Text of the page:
David Bushey: Old ideologies and blind faith won't fix our problems

Mr. David, Nevada Appeal's Aug. 8 guest columnist, is a man of great faith. He must be, because he has complete devotion in the idea of free market fixing all of America's woes. It doesn't matter that lack of regulation allowed the Enron fiasco, nor does the nigh collapse of Fannie Mae and Freddie Mae conflict with his world view. If we simply cut enough taxes and regulation then everything will be fine. Repeat ad nausem.

For 30 years, that has been a conservative article of faith; to question it an unforgivable heresy. Yet for America to thrive it can no longer be assumed that cutting taxes will magically empower our nation to overcome its difficulties. The incentive of every business is to make money, not to be energy efficient or environmentally conscious. The bottom line is always the final priority in business, not people. Customers come and go. Products arrive and are sold until they are phased out. Money is always the focus of business.

He's quite right that the free market could address the energy woes plaguing America ... if the market had a reason to do so. Until very recently, SUV's were king of the car market. It's only when the consumers address the problem that business responds, and often with great reluctance. How can car manufacturers invest the time, money and energy on fuel efficient vehicles if the fickle winds of consumer interest shift back toward gas guzzlers? At the moment, public attention has finally produced a lethargic response in business, but we were once just as excited about going to the moon. Government providing higher fuel efficiency standards not only assures manufacturers of the need, but also ensures that all the players will raise their products accordingly. No matter how the interest of the masses may shift, those standards will remain. Perhaps enough to allow American cars to be sold abroad once more.

It's interesting that Mr. David brought up World War II. An era before my time, but as I recall, the effort America put into winning that war was nothing short of monumental. The entire free trade system was co-opted to produce war materials. There were curfews. Recycling drives. Victory gardens. Everything and anything that could be done to address the threat was done, within boundary of the law. Today we fight a struggle against an enemy far more insidious than Hitler or Toto. We fight against our own complacency, greed, and privilege for the prosperity and future of this country. Yet I see nothing approaching the mobilization and effort that America mustered for those dark years. Why isn't there a home wind turbine in every backyard or a solar panel on every roof? Why isn't there an effort to retool all automobiles sold in America to be hybrids? Why aren't people doing more to achieve more? We beat the Nazis and walked on the moon. How can curbing our own consumption be more challenging?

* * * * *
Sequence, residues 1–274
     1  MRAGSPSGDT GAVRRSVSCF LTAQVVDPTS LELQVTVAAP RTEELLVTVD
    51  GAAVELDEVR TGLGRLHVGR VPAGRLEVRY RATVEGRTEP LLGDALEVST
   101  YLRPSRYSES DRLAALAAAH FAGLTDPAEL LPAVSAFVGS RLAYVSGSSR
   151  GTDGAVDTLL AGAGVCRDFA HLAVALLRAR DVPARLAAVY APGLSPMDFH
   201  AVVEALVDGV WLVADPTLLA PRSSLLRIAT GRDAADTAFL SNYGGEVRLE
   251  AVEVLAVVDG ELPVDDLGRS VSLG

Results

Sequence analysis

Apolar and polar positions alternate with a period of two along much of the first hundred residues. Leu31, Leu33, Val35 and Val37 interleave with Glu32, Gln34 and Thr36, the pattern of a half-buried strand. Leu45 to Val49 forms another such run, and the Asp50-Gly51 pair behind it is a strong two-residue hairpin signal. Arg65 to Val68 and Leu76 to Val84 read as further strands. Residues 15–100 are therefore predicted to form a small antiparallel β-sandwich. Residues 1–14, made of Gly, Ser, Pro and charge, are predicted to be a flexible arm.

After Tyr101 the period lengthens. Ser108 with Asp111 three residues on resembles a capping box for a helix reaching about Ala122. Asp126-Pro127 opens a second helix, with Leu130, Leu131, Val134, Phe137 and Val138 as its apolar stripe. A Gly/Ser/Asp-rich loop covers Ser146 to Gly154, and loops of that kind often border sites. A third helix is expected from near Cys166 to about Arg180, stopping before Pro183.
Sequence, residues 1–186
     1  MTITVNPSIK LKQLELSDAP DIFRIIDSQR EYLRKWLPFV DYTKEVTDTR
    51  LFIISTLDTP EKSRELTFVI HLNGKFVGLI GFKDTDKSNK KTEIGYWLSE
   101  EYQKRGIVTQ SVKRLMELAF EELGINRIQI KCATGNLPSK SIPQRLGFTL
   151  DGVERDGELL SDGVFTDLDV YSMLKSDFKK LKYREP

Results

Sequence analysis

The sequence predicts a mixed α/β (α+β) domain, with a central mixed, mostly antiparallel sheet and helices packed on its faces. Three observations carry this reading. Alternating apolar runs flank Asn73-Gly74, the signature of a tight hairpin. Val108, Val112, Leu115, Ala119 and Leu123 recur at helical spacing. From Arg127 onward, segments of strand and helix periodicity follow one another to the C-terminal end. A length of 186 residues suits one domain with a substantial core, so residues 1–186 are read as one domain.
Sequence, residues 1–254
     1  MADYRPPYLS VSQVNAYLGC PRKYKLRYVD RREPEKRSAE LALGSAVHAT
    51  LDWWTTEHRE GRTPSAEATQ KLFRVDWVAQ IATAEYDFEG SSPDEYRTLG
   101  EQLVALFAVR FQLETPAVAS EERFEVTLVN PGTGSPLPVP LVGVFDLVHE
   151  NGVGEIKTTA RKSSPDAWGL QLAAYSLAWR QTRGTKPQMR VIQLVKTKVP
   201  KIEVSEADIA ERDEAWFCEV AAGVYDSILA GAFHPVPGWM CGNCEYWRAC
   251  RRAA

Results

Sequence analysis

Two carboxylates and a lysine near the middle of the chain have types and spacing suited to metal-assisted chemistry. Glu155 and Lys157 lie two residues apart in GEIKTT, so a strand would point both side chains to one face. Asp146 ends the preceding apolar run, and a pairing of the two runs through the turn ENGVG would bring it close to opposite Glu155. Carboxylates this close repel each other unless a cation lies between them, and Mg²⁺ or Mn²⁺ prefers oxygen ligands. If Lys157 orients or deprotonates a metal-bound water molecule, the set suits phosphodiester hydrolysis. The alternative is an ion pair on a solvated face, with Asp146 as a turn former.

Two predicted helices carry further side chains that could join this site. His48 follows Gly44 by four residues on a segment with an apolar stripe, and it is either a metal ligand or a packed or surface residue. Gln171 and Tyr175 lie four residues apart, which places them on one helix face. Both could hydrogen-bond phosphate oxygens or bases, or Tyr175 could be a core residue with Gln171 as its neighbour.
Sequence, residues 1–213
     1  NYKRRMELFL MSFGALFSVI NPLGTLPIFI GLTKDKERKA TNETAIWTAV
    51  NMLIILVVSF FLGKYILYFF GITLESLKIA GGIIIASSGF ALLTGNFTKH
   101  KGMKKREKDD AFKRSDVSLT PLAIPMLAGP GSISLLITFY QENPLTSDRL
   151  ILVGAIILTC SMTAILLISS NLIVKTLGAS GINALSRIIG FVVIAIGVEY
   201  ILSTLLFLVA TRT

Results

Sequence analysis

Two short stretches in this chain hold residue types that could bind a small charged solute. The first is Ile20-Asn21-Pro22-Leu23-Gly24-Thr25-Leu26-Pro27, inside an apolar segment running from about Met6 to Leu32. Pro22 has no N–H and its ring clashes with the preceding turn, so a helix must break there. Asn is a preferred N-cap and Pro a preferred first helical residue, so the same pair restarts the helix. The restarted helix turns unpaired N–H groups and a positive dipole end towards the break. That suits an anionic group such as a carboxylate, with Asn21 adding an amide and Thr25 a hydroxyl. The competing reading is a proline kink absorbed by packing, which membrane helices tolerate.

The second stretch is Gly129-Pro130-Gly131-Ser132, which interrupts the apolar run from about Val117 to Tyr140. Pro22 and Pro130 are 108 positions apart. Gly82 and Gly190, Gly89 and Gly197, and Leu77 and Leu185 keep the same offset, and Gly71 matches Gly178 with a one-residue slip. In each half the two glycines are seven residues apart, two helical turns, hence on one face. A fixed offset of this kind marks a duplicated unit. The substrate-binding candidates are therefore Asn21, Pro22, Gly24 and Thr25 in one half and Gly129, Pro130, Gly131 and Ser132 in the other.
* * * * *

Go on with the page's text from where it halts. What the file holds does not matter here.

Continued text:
As I said before, Mr. David is a man of monumental faith to be so eager and willing to stake the future of America on a throw of Wall Street's dice. He seems unwilling to ponder where America would be if taxes were continuously cut yet the market fails to respond to his simple solution. He seems content to ignore the plight of Americans who depend on the services those taxes finance. He advocates turning a green America into a smoggy and poisoned Beijing. Sadly, Mr. David, I cannot be so callous or cavalier with the future of this country I cherish. I cannot allow personal faith in any ideology to blind me to pragmatic responses to the problems facing America.

The gilded age passed for a reason, Mr. David. You won't find any solutions in bringing it back.


David Bushey is a resident of Carson Valley and a substitute teacher.

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